Advice on how to read, from when I was Socialtext.
This is adapted from discussion at Socialtext where, because we are a distributed or virtual workforce, we move a huge amount of information around as text. It's been noted lately that the quantity of my blogging has slacked of late. This is mostly because I'm writing inside the walls of work, so here's something from the inside.
Socialtext wikis are called workspaces. Individuals are members of a some number of workspaces. These are usually divided up by topic, group or project. (Knowing this matters below.)
I frequently find myself at the intersection of two events
- some people wondering how I get so much read
- some people complaining about not being able to keep up with the stuff to read; me becoming somewhat bewildered by that
So mayhaps I should write down what I do and other folk can farm that for useful techniques or rationale to ignore me. This writing was somewhat inspired by discussion of how to maintain focus.
In case you find this not to your liking, that's okay. This is what I do. It works for me. It may not work for you, but then again it may.
First, there's no doubt that I read very quickly and skim at a very high level of presumed comprehension (that is, I'm able to convince myself that I got the bits that mattered; whether this is true or not is unknown). That's been true since I started reading. Second, I've become practiced with using tools that augment my ability to read (email filters, mail and rss reader settings, etc). Most of that practice happened when I was a sysadmin and my colleagues and I managed to get in the habit of feeling really nervous if our mail didn't get a response within a minute or so.
I proceed from the assumption that as knowledge workers our primary job is to communicate. Communication is not overhead, it's the work. Things like writing code are reifications of previous communication. The quality of the code mirrors the quality of the communication and comprehension that precedes the generation of the code.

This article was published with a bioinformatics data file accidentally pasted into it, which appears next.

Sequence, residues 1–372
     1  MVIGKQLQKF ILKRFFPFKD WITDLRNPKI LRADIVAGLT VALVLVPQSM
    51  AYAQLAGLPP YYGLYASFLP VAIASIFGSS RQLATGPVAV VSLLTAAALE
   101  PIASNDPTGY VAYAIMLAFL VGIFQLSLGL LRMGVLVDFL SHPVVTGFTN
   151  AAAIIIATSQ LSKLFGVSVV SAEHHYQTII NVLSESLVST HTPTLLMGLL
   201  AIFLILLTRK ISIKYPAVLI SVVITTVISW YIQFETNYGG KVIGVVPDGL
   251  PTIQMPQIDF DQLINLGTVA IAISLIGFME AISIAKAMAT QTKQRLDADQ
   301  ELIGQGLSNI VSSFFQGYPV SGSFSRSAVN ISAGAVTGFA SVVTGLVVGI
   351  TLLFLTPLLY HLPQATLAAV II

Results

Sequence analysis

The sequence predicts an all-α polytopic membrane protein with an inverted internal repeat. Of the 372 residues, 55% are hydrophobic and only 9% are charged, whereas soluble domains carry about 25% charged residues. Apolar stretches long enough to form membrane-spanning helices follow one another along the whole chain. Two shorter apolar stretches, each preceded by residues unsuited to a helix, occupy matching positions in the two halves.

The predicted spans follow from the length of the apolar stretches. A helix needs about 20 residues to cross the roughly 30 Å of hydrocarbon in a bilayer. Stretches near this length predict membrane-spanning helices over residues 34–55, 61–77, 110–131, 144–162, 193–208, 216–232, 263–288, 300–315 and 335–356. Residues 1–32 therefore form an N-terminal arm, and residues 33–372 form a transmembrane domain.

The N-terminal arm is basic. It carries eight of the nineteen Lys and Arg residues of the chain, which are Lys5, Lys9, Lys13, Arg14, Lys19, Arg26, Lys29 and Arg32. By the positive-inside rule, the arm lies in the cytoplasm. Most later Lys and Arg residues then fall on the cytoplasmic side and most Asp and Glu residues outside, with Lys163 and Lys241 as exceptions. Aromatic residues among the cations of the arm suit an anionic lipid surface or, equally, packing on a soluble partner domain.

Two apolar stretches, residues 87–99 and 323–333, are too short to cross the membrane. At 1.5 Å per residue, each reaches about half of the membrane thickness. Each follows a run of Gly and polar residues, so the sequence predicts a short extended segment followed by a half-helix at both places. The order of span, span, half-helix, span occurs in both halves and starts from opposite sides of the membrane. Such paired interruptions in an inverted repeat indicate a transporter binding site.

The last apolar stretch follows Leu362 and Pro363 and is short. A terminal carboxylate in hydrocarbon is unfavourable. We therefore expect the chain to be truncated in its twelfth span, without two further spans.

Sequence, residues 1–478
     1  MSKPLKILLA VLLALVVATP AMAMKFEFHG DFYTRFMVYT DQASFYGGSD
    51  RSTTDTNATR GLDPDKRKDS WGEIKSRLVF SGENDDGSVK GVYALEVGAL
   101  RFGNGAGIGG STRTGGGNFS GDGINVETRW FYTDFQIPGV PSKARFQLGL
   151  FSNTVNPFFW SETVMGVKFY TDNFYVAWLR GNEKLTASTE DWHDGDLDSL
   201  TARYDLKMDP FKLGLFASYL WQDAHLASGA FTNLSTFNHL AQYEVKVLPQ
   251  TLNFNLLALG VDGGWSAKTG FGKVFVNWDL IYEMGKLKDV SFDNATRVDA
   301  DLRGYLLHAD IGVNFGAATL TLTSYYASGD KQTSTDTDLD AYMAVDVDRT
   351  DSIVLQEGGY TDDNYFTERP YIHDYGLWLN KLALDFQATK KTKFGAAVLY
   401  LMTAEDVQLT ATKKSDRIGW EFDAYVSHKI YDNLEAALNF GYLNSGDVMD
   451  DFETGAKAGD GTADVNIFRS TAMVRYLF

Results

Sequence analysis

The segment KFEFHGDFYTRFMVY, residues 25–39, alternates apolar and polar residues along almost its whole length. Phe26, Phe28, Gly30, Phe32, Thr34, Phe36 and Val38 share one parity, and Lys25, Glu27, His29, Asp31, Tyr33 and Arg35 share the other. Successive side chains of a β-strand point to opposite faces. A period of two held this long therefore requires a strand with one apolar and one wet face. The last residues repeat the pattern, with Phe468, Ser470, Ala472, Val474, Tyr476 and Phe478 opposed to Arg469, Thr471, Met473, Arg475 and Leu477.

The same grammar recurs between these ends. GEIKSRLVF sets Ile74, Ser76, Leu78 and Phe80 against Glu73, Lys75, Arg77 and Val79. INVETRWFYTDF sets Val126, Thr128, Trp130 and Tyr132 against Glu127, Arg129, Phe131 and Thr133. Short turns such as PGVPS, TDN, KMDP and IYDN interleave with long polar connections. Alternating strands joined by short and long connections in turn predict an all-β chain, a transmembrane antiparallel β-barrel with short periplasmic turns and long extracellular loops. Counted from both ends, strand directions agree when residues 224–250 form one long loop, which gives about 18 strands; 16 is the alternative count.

So, starting from that assumption I have some general rules of thumb about what I should be doing:
- before writing or acting read everything in your circle of concern all your email all the new and updated content in workspaces you care about
- When it is time to write or act, do that until you are done, then read again.
Reading email and workspaces deserves more more explanation. First, turn off email notify in all workspace and get a good rss aggregator that can show diffs (this is perhaps the single most useful thing to do to enable "staying abreast"). Only subscribe to those workspaces that are germane, rely on others to let you know when something important is happening in some other workspace that is not in your immediate circle of concern. Second, use filters with your email: send email to different folders depending on topic or list. If possible get a mail program that lets you start it with a different set of folders available depending on the activity you are engaged in (for me this is work and not work). Use one that lets you hit the same key to just keep on reading.
- as your read, delete everything that doesn't matter